Please use the sharing tools found via the email icon at the top of articles. Copying articles to share with others is a breach of FT.com T&Cs and Copyright Policy. Email [email protected] to buy additional rights. Subscribers may share up to 10 or 20 articles per month using the gift article service. More information can be found here.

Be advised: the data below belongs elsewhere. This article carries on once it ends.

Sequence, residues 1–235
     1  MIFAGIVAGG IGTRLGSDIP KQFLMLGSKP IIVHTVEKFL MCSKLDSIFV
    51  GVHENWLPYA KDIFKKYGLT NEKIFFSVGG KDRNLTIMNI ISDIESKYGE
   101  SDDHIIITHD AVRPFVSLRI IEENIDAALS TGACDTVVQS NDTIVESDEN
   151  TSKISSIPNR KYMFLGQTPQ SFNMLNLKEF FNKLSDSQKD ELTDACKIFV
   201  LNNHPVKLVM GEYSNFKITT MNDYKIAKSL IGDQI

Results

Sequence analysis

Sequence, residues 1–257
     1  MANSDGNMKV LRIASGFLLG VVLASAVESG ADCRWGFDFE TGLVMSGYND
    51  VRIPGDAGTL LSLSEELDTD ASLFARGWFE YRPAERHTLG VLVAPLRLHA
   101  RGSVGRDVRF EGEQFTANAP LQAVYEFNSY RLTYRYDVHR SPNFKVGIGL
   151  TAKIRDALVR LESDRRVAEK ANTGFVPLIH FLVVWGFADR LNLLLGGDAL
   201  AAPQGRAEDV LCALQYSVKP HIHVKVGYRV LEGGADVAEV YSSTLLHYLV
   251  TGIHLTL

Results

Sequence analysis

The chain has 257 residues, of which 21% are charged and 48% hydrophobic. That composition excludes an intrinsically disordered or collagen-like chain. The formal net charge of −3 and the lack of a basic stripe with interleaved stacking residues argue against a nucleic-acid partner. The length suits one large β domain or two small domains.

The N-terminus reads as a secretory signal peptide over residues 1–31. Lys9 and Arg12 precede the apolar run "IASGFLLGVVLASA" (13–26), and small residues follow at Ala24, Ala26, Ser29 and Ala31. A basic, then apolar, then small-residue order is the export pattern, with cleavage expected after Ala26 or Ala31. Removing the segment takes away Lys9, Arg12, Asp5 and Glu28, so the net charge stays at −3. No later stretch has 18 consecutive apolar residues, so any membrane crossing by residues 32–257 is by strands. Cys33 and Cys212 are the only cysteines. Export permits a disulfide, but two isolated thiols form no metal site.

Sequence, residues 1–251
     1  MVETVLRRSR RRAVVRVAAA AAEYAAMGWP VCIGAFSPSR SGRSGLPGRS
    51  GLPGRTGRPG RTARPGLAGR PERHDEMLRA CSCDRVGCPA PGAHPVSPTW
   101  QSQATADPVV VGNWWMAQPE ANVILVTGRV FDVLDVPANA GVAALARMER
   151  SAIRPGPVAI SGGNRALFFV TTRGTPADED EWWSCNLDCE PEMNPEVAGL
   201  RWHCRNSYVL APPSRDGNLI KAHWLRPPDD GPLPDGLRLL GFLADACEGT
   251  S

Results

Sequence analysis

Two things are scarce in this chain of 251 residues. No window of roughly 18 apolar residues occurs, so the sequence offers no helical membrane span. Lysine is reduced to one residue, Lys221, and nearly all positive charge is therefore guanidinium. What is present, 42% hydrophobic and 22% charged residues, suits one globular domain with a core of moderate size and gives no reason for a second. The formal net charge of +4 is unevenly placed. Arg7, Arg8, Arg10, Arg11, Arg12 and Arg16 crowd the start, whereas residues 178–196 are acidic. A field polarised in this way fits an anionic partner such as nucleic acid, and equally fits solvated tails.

© Bloomberg Share on Twitter (opens new window) Share on Facebook (opens new window) Share on LinkedIn (opens new window) 3 Save YESTERDAY by: James Pickford First-time buyers are sharply improving their success rates when applying for a mortgage, according to research that suggests intense competition between lenders is making it easier for borrowers to access loans. More than two-thirds (67 per cent) of mortgage applications made by first-time buyers were completed in the first three months of 2017, up from less than half (48 per cent) a year earlier. The quarterly research by the Intermediary Mortgage Lenders Association (IMLA) looked at mortgage applicants’ interactions with brokers from the first point of contact to completion of a loan. It found that 84 per cent of applications by first-time buyers resulted in a mortgage offer, up from 70 per cent in the first three months of 2016. The ratio of completions by first-time buyers has improved more than that of any other segment of applicants, such as home movers, remortgage applicants and buy-to-let borrowers. Peter Williams, IMLA executive director, said: “First-time buyers’ struggles have been highly publicised, with affordability stretched by rising house prices and modest income growth. However, rising levels of mortgage inquiries, applications and completions shows that a significant number of first-time buyers are still both willing and able to get a foot on the property ladder.” “Low mortgage rates have contributed to this improving outlook for first-time mortgage borrowers.” David Hollingworth, director at broker London & Country Mortgages, said the cooling of the buy-to-let market following fiscal and regulatory pressure was likely to be another factor favouring first-time buyers. “The first-time buyer numbers do look healthy and that has come at the same time that buy-to-let has looked far less healthy. More first-time buyers are reaching completion because they’re not having to compete so hard with landlords. If they do have to pull out it’s more likely there’s another property available for them to purchase,” he said. First-time buyers have also been helped by the ready availability of higher loan-to-value mortgages, which require them to put down less money in the form of a deposit. There are now more than 250 mortgage deals available to borrowers with a deposit of just 5 per cent of the value of the home, according to figures in May from finance website Moneyfacts — though the interest rates on such mortgages are substantially higher than those offered to borrowers with bigger deposits. First-time buyers may struggle to qualify for a cheap mortgage, however. Tougher affordability tests imposed by the regulator in 2014 have constrained the numbers of first-time buyers able to purchase, Mr Hollingworth said. Mortgage rates have fallen further on some deals in the past year. Last week, HSBC cut the rate on a two-year fixed-rate mortgage to 1.34 per cent for those with a 15 per cent deposit. Competition has also brought new participants into the market. In April, Sainsbury’s became the latest supermarket to offer mortgages, with fixed-rate deals offered to those with deposits of at least 10 per cent and a reward scheme for borrowers who also shop at its supermarkets.